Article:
Review Summary: Very simple, straightforward but a truly interesting story
The new Take That album is a somewhat combination of what the band have ever done as a five. Dating into the past, one can remember their beginnings as a dance group loved mostly by young girls, as well as their transition to soleful pop-rock ballads after the reunification of the band, at that time, as a quartet. "Progress" combines almost all the above plus electrized and polyphonized music and has a somewhat two-dimensional structure. On one dimension, it is mathematically composed with each sound and beat clean and shine, full of electronic soundings, on the other - it is an autobiographical story of Take That which at the same time can be interpreted as the evolution of the global society as a whole.
The CD starts with the grand "The Flood", being followed by the apocalyptic and fatalist "SOS" which is continued by "Wait" which prepares the listener to experience the conflict section of "Progress" which sounds a bit Marxist: beginning by the protesting "Kidz", materialist "Pretty Things" and a cynical "Happy Now". The album finishes with the conflict turning into an idealistic consensus when Howard Donald tells us how he needed "an affirmation" and the final song by Barlow expressing "Eight Letters" which are very easy to identify and outline the unification of the whole Take That quintet.
"The Flood" is the first track from "Progress". Even though being nothing much new to the world of music, its lyrics and music were combined very well and the sound was very clearly expressing the flood. So well that in fact it is possible to understand the meaning of the song without even knowing a world in English.
The latter also can be said about "SOS" which may be understood as the heroes fall in a panic of uncertainty and despair. If heard separately from the whole album, the track may seem a bit too straightforward , so straightforward that it is easy to believe in what it is told in the song by the five. At the same time, without listening further, "SOS" still may raise questions about what it is doing there. Mark Owen and Robbie Williams have done excellent job with the vocals which perfectly adress the problem of the song and again, no knowledge of the language is needed to understand its meaning.
The "materialist" part of the album starts with "Kidz" which may be called one of the best songs in "Progress". Again, the meaning is very straightforward but the lyrics are awesome and are written with extreme reasonabless. The song attracts attention first by its title. It is often upsetting that some popular artists use incorrect spelling simply for "coolness" and due to trends in vogue. But not here. With such a meaning, such a spelling is even praiseworthy. Telling the listener about the consequences of the future with "the talking heads that took liberties" thanks to whom "the monkeys learned to build machines", the song underlines the impossibility of a somewhat alienation of the future generation by insisting that not kids but kidz will come our on the streets. By the way, there is a lot to come in mind given that after several months the track was released, political instability in the Arab world started.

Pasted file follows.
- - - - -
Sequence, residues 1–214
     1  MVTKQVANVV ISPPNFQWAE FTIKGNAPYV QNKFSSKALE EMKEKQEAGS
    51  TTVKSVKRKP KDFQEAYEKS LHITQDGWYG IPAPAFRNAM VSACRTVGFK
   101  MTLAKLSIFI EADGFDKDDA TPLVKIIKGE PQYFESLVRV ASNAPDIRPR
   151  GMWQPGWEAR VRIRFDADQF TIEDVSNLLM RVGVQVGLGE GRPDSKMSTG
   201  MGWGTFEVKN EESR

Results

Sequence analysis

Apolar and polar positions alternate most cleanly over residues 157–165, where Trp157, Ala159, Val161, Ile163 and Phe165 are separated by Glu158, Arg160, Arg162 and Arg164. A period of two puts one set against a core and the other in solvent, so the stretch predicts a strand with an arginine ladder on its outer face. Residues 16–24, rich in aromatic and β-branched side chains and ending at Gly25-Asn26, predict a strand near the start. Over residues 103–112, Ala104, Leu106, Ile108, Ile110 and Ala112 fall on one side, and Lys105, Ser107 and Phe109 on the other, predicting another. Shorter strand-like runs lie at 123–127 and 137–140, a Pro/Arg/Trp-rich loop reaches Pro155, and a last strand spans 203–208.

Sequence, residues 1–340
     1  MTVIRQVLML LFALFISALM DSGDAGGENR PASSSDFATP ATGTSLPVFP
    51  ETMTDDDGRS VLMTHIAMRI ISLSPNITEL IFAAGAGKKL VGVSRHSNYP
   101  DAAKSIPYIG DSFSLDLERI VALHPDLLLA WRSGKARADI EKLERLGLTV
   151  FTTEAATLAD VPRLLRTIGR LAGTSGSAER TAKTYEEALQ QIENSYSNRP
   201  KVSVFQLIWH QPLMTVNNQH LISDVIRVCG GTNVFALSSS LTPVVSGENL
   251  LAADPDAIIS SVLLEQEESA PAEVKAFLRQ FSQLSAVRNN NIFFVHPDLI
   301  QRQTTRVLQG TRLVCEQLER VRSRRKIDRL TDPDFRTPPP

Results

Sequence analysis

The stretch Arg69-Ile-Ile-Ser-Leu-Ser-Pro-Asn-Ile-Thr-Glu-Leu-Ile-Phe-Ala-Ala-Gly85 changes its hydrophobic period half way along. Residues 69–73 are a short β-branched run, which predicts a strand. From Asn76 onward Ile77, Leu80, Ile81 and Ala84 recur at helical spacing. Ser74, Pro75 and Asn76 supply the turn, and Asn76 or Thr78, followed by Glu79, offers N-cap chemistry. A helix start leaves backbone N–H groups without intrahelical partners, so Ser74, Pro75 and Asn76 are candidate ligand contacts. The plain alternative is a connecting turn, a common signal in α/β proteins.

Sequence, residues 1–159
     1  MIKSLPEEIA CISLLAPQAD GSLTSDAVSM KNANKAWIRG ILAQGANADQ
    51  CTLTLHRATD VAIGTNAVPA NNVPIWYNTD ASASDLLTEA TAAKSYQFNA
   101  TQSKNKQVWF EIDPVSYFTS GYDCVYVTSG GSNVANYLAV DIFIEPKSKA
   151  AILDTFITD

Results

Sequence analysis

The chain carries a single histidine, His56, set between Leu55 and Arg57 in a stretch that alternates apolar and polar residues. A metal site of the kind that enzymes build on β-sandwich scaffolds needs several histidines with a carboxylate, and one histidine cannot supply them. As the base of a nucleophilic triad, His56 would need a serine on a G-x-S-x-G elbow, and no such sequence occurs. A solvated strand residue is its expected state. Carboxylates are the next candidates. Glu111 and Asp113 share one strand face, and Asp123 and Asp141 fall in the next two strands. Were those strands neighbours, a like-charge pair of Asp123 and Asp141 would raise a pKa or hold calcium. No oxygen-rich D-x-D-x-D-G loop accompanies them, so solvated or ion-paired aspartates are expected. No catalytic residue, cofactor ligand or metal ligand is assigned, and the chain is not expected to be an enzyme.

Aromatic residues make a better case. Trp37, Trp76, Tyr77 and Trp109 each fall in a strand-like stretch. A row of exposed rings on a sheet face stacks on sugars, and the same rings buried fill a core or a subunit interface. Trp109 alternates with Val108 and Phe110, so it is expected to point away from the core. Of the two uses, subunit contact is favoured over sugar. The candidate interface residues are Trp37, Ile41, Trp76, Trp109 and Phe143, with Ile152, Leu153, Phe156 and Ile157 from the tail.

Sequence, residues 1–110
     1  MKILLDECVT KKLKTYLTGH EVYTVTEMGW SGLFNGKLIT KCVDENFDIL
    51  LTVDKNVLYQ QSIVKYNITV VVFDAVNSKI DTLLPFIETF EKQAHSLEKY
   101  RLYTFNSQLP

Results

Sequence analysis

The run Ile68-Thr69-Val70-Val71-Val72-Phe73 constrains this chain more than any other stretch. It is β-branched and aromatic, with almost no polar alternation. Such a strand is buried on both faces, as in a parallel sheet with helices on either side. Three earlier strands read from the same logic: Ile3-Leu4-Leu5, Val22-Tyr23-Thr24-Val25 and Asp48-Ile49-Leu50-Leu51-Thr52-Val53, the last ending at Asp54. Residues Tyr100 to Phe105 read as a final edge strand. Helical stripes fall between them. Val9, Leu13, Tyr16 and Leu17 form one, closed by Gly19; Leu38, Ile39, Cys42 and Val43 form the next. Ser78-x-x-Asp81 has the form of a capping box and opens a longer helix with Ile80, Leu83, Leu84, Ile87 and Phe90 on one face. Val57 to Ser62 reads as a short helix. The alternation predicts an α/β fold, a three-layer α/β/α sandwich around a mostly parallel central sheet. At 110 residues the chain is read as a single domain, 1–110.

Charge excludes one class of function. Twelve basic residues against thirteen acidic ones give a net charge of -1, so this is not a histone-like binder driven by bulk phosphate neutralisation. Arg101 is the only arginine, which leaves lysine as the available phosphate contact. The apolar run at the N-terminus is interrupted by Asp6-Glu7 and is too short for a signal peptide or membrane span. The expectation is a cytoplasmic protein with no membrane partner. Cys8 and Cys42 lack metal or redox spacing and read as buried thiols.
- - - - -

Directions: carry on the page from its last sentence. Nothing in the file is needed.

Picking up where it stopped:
From my own point of view "Happy Now" is an exceptional song on the album. On one hand, it is a track to dance on, however, on the other hand, it greatly outlines the rise of cynicism across the world together with massive alienation by "superheavy elements" which "replace" the lyrical hero. As a result, what makes "Happy Now" a somewhat "sociological" song is its extreme happiness to its extreme cynical plot, the former showed by music and the latter - by the lyrics. However, "Happy Now" clearly resembles Madonna's "How High" from her "Confessions on a Dance Floor" album.
Underground Machine is well recorded with the music resembling industrial factory sounds which perfectly fit Robbie Williams' vocals. However, it is far not the best track on the album and maybe it is the only song which meaning is really difficult to understand. At least, what is there for the underground machine.
As can be seen, there is not much written about the technical details of the tracks but more attention was given to their lyrics and the contents of the album which can come to mind as it is its composition what makes "Progress" so attracting. The album is composed of either collective or individual, separate stories by the band members which, in turn, slowly transform into a really nice coctail or a complete "macro"-story as the tracks are listened one by one.
Apart from all of the above, four stars out of five are given for the album and its songs for being very clear, straightforward, understandable and, at the same time, far not meaningless - this is what pop-music was created for, wasn't it? In Russia many would suggest that a good music is when a listener can understand the meaning of the album without even knowng a word in a foreigh language - in this Take That succeeded truly amazingly.
The album must be listened in full, with the songs not being stopped or scrolled. Again, it is like a continuous simple but interesting story in a book which is meaningless when read